In response to both disturbing facts, FENAMAD botanists and medical professionals have collaborated with traditional healers and other residents to establish s local pharmacopoeia. Together, they have selected about 100 medicinal plants - some with medical activity well-known to Western medicine, others that are recognized locally - to yield treatments for common ailments, FENAMAD workers reintroduce knowledge of these plans to local people through a training manual and training sessions at the organization's headquarters.

FENAMAD has trained about 500 community residents to use these basic plant remedies. Further, it is estimated that these new health-care workers in indigenous people - often offering the only viable trained medical care. FENAMAD's work has even led to the discovery of a previously unrecognized medicine, an anti-parasitic latex from the tree Ficus insipida.

In Rwanda, a small country in the Central Africa,a project integrates the traditional medical system into the primary health-care system by improving traditional remedies on a scientific basis. In 1980, the Federal University of Rwanda's Faculty of Medicine established CURPHAMETRA, the Centre de Rescherche sur la Pharmacopé et la Médecine Traditionnelle. Since then, CURPAHMETRA has been fostering a national pharmaceutical industry that is more affordable to most Rwandians than reliance on imported medicines.

As in Beliz and Peru, traditional healers serve as the primary form of health care for most Rwandians. In initial studies, trained medical teams evaluated the effectiveness of treatments prescribed by traditional healers. At the same time, plant remedies were tested in the laboratory for toxicirty. Based on this two-part research, CURPHAMETRA two-part research, CURPHAMETRA proposed that a number of remedies known to traditional healers be incorporated into a formal primary health-care system.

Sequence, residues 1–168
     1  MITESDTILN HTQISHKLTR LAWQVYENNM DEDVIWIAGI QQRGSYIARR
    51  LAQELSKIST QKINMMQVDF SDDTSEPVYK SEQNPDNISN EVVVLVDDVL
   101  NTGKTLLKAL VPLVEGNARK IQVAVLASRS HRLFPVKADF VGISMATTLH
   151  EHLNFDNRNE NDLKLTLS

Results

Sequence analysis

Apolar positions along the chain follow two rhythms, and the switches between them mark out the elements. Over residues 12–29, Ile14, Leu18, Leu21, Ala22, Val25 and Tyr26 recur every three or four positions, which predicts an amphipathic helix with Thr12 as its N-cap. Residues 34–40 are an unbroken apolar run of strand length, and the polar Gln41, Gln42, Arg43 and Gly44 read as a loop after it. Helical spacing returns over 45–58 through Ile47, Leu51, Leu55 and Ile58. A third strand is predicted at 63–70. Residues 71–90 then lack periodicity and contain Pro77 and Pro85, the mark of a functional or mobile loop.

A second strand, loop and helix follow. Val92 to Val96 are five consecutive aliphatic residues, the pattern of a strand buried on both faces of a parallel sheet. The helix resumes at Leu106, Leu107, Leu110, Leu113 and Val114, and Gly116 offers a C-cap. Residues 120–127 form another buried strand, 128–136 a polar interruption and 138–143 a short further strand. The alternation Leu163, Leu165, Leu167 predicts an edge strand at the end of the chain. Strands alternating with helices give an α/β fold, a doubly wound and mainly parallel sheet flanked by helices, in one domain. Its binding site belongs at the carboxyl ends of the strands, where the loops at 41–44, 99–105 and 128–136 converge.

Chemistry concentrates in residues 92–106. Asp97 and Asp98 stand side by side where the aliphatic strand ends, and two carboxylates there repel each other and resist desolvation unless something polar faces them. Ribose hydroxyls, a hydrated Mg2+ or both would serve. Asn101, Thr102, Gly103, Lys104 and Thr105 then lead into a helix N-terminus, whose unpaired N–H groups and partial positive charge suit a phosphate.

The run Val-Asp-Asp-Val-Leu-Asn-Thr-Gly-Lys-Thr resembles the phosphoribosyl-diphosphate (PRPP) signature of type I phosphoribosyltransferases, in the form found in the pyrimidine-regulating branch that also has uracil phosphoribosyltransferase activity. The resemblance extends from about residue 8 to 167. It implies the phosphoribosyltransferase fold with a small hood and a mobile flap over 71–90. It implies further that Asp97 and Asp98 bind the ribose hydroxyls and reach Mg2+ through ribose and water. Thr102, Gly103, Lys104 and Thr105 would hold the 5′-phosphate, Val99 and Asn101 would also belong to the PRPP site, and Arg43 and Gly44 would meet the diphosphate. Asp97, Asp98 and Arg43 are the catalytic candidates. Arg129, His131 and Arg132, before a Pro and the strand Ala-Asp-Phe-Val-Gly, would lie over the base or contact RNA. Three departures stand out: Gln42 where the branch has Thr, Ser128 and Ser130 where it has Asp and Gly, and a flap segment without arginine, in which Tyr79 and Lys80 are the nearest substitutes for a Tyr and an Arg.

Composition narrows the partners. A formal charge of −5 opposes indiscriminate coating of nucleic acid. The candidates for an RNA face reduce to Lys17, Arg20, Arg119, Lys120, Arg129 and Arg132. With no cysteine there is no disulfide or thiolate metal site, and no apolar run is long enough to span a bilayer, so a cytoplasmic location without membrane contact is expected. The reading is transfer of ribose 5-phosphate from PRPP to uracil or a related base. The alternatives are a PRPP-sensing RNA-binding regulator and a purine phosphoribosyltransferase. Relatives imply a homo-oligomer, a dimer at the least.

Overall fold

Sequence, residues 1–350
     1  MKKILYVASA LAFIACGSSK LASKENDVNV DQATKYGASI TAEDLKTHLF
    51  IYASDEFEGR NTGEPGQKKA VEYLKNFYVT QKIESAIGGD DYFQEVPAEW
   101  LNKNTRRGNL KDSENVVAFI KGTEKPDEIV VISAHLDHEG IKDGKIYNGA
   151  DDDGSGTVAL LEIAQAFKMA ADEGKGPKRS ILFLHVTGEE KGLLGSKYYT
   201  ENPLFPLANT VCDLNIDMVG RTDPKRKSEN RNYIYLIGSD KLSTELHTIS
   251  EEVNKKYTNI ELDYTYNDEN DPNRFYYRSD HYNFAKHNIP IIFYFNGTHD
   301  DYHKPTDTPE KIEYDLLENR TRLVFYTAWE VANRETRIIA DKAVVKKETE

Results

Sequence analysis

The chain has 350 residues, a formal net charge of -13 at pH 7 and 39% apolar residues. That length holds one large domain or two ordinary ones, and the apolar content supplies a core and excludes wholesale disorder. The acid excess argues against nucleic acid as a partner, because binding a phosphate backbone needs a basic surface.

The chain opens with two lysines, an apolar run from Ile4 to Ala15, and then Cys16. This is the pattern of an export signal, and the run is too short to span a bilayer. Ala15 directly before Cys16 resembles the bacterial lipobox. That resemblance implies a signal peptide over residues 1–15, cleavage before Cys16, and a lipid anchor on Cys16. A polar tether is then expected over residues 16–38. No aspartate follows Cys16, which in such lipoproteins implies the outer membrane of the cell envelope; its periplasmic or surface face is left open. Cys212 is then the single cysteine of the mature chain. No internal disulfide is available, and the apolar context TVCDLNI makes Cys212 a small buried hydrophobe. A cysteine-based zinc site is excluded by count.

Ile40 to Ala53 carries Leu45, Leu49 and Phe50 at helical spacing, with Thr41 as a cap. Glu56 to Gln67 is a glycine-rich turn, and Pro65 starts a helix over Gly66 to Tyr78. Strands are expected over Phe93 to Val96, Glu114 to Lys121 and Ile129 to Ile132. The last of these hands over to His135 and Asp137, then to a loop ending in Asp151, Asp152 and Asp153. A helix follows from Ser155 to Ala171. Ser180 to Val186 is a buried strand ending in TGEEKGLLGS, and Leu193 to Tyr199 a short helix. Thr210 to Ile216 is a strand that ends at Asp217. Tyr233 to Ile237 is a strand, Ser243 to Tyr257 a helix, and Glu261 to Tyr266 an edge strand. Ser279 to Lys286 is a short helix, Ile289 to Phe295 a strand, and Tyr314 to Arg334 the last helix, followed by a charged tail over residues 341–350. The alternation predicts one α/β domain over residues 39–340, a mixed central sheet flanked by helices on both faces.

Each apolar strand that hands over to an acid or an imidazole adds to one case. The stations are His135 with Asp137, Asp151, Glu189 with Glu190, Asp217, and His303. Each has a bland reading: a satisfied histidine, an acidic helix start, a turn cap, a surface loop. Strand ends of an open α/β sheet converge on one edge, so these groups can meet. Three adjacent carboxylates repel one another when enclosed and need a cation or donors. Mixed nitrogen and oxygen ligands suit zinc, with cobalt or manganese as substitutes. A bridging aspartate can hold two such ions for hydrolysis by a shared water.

CURPHAMETRA has also undertaken a program to derive extracts from well-known medicinal plants, both native ones and some that are foreign to Rwanda. Again, the goal has been to develop and produce drugs locally that would be cheaper than imports. These extracts are being distributed to hospitals, clinics and pharmacies throughout Rwanda.

Dr. Luc Van Puyvelde, a founder of CURPHAMETRA, explains that the intitative also creates employment, promotes environmental conservation, and reduces dependence on expensive imported medicines. In effect, by producing plant-derived medicines locally, CHUPHAMETRA is moving to create a cost-effective health-care system - and therefore one that is available to more people.

Still, such efforts to enhance traditional systems of medicinal knowledge are fraught with difficulties. For example, FENAMAD serves an area containing 18 ethnic groups. This diversity presents considerable obstacles to communication and coordination.

The complexity of working with medicinal plants presents a further challenge. Shamas know how to combine varieties of plants and herbs: some herbs might treat a problem directly, while others combat toxic side-effects of the active herbs. When taken out of the mix, however, an herb might be poisonous. To overcome this danger, FENAMAD works with plants that are well-known to modern medicine and concentrates on relatively simple remedies. CURPHAMETRA takes a more technical approach, isolating the active components of medicinal plants and making these extracts widely available.

Bolivia Hosts Indigenous Workshop

The Second Internmerican Indigenous Congress on Natural Resources and Environment, sponsored by Cultural Survival, the World Wildlife Fund, the Inter-American Foundation, and other funders, took place in San Ignacio de Moxos in the Bolivian Amazon this past December. Representatives of indigenours organizations from across the Americas gathered to exchange experiences and formulate strategies and policies that would give indigenous people more control over their environment and development,